As I said earlier, dragonflies are very popular insects, so there are tons of resources available!  In fact, the volume of information available can be overwhelming if you don’t know where to begin.  Hopefully, this post will direct you to the best resources available and make it as easy as possible to figure out which dragonfly species you’ve been seeing.  Good luck!

I’m getting away from dragonflies for the next few posts, but check back near the end of October for a summary of the results of my dragonfly swarm data collection effort this summer.  I’ve collected more reports than I ever thought I would, so it should be an interesting read!


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Damselflies and Antlions – What’s the Difference?

I get a lot of questions about insects when people learn that I’m an entomologist.  These frequently sound something like, “I saw this little brown beetle in my house the other day – what is it?”  Most of the time, I have a hard time identifying an insect based on a description like this.  You often need to see an insect to properly identify it.  At the very least you need a photo.  There are, after all, close to a million known species of insects and there may be over 10,000,000 insect species in all!  One person can’t possibly know all of the species of insects, no matter how great their memory is.  However, there are some things that I can identify based entirely on a quick and dirty description.  One of the easiest is the difference between a damselfly and an antlion.  They look very similar so I completely understand why people have a hard time telling them apart, but there are some obvious distinctions if you know what to look for.

First, let’s take a look at a damselfly:

damselfly adult

Damselfly adult

This is a member of the family Coenagrionidae, so it is one of the very common little blue damselflies you’ll see around ponds.  What do you notice about the structure of this insect?  Look closely at the wings.  Click on the image to enlarge it if you need to.  How many wing veins and cells in the wings do you see?  The wing veins are the lines on the wings while the cells are the little open square parts between the wing veins.  The color on damselflies is often distinctive.  They fade badly once they are dead, but this damselfly used to be a brilliant blue.  Now look at the head.  Do you see any antennae?  Probably not.  They’re visible (there’s one sticking off the right side of the head right above the right eye, looks like a little hair or a piece of dust), but they’re small, bristly things that most people wouldn’t even notice.  They’re definitely shorter than the length of the head.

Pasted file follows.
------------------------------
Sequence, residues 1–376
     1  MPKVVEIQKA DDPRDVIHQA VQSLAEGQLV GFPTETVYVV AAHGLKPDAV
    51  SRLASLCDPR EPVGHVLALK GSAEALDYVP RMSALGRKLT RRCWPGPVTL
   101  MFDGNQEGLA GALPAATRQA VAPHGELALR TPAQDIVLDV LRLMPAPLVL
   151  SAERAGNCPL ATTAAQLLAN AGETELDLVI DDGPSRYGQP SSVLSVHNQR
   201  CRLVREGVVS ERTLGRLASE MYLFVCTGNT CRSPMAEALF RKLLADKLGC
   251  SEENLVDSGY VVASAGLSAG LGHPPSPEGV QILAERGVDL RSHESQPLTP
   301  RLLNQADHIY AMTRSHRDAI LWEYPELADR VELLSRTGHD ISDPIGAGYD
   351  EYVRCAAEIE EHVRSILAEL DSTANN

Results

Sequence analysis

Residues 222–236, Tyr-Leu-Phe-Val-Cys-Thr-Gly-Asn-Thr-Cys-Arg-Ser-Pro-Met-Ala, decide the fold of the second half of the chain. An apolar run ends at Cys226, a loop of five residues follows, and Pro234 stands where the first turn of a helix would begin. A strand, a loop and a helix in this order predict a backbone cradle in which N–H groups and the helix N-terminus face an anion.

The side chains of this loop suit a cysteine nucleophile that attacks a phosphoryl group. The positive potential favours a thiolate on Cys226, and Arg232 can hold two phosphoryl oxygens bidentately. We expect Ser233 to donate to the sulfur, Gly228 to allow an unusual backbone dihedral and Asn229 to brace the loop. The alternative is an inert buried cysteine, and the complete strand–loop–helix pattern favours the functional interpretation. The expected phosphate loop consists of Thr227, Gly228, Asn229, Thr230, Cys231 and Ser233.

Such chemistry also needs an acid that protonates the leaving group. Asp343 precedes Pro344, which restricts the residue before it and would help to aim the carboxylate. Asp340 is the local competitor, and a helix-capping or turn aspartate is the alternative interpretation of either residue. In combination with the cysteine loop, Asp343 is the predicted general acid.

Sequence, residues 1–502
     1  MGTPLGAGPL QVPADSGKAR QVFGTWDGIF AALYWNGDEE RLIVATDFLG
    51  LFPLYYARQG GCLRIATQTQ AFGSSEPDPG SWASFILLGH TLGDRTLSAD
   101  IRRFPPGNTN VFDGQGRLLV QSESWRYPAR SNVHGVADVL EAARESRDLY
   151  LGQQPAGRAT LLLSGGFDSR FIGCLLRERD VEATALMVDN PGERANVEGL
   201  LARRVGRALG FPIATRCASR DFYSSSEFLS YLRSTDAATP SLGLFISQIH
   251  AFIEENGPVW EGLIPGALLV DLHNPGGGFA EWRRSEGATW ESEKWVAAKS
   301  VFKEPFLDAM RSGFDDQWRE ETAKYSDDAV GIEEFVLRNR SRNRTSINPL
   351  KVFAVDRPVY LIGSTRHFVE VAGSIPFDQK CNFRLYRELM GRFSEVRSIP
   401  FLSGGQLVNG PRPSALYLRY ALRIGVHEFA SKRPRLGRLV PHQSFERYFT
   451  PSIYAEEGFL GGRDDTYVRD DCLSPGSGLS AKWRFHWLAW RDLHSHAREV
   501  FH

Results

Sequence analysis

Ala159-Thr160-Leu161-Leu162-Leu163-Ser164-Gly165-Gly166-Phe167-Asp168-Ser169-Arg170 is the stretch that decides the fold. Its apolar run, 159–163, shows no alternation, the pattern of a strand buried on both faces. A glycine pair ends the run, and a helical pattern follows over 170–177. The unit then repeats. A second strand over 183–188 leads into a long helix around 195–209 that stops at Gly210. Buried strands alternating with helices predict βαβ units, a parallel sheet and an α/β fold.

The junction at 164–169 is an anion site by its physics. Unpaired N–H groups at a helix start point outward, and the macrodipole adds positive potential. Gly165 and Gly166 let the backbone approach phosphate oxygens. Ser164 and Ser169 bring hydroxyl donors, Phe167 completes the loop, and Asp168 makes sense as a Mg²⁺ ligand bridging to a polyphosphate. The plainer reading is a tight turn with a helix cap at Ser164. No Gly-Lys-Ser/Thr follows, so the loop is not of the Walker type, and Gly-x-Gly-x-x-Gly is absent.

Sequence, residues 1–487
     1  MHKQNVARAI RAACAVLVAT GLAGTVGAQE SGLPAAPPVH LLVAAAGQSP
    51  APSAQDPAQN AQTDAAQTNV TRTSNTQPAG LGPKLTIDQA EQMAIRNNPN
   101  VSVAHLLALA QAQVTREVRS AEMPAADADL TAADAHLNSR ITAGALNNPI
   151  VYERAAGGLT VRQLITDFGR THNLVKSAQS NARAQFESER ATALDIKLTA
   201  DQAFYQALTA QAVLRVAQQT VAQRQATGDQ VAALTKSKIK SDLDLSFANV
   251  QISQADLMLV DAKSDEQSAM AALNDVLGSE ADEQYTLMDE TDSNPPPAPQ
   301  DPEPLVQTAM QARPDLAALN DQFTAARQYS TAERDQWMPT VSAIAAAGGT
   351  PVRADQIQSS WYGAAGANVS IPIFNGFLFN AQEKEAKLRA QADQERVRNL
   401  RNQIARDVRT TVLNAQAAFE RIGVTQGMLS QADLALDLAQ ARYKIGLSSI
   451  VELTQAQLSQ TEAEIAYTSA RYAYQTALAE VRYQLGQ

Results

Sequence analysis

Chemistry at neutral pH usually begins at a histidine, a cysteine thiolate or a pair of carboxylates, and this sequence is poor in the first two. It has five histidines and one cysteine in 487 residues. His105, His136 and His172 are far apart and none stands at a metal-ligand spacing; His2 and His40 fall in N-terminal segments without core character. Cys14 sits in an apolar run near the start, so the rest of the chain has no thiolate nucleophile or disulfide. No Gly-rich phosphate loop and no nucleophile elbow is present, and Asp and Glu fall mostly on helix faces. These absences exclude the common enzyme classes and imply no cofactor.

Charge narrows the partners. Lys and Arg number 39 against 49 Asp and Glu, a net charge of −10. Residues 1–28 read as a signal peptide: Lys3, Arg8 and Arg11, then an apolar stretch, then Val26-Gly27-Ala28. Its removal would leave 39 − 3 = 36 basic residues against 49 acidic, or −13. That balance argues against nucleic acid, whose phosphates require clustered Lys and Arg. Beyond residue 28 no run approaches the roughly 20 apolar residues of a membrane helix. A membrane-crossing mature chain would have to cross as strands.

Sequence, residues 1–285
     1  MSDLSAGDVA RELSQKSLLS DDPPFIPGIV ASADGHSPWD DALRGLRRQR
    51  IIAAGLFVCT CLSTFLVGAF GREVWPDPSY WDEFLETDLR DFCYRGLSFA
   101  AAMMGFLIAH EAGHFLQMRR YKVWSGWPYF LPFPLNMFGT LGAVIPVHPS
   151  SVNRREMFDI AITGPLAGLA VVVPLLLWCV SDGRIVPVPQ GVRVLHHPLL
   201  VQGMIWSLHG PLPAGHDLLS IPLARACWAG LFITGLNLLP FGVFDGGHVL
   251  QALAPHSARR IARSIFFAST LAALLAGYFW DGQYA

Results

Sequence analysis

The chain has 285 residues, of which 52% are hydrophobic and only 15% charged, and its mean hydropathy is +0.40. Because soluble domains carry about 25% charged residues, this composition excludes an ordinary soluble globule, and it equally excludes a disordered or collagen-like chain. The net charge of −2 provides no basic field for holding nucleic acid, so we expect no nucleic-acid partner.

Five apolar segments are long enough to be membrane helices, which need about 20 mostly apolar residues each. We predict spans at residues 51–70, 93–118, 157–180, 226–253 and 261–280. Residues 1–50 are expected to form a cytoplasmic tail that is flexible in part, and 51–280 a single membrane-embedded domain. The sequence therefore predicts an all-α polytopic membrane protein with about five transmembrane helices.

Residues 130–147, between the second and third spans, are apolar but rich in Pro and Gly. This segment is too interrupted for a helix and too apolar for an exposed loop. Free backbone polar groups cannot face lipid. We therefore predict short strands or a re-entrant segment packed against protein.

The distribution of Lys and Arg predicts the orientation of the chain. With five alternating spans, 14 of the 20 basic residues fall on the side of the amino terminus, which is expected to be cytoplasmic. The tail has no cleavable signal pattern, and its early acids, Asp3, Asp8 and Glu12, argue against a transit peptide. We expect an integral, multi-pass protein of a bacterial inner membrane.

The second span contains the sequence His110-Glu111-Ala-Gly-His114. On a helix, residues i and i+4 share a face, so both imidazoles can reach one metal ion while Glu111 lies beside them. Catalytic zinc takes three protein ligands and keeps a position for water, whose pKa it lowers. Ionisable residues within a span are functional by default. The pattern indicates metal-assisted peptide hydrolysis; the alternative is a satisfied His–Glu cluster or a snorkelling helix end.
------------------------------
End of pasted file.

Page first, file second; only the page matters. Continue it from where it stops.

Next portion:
Now look at the antlion:



Can you see why people get these two insects mixed up?  Even some beginning entomologists have a hard time telling the two of these apart!  Look closely at this insect like you did with the damselfly.  First, you should note the color.  This insect is brown, as are almost all antlions.  While some damseflies are brown (especially females), there are many that are brightly colored.  If you have a brightly colored individual with this shape, it’s a damselfly, not an antlion.  Next, look at the wings and observe how many cells there are.  How many do you see?  Antlions belong to the order Neuroptera, the net-winged insects.  Antlions, like other neuropterans, have tiny cells in their wings and a whole lot of them, many more than you’d ever see in a damselfly.  If you see an insect with this shape with tons of little cells instead of 100 or so large, open cells, you’re looking at an antlion.  But the easiest way to tell them apart is by looking at the head.  What do the antennae look like on this insect?  They’re very long, much longer than then length of the head, and thick.  In other words, they’re quite conspicuous, very unlike the tiny, bristly antennae you can barely see in the damselflies.  If you see an insect with this shape that has long, luxurious antennae, it’s antlion.  If it has antennae that are barely visible, it’s a damselfly.  Easy, right?

Of course, there’s one other obvious distinction.  Damseflies are diurnal, which means that they are active during the day.  Antlions are nocturnal, so they are active at night.  You might occasionally find an antlion out during the day, but it’s very unlikely to see a damselfly at night.  Most of the time it’s easy to tell these two insects apart based solely on when you see them!  But, it’s always good to check the length of the antennae and the number of wing veins to be sure.

Now that you know the difference between an antlion and a damselfly, you might start noticing how often these two insects are mixed up.  There is a tank top that I would dearly love to have that depicts an antlion.  The people selling it have it labeled as a dragonfly (not even a damselfly!).  Rubber stamps, especially ones based on old engravings from the 1800’s or early 1900’s, often erroneously depict antlions when they’re supposed to be damselflies.  And all sorts of people feel the need to put antennae on dragonfly and damselfly images.  I don’t know why this is so common, but you will see dragonflies and damselflies with long curly antennae everywhere you look.  This is actually my single biggest pet peeve as an entomologist.  I couldn’t care less about using the word bug when you should use insect, but stick antennae on my favorite insects and you and I are going to have words!

Next time I’ll likely post about how to tell damselfly nymphs apart from stone fly and mayfly nymphs.  They’re easy too, so I hope you’ll check in again soon!


Text copyright © 2010 DragonflyWoman.wordpress.com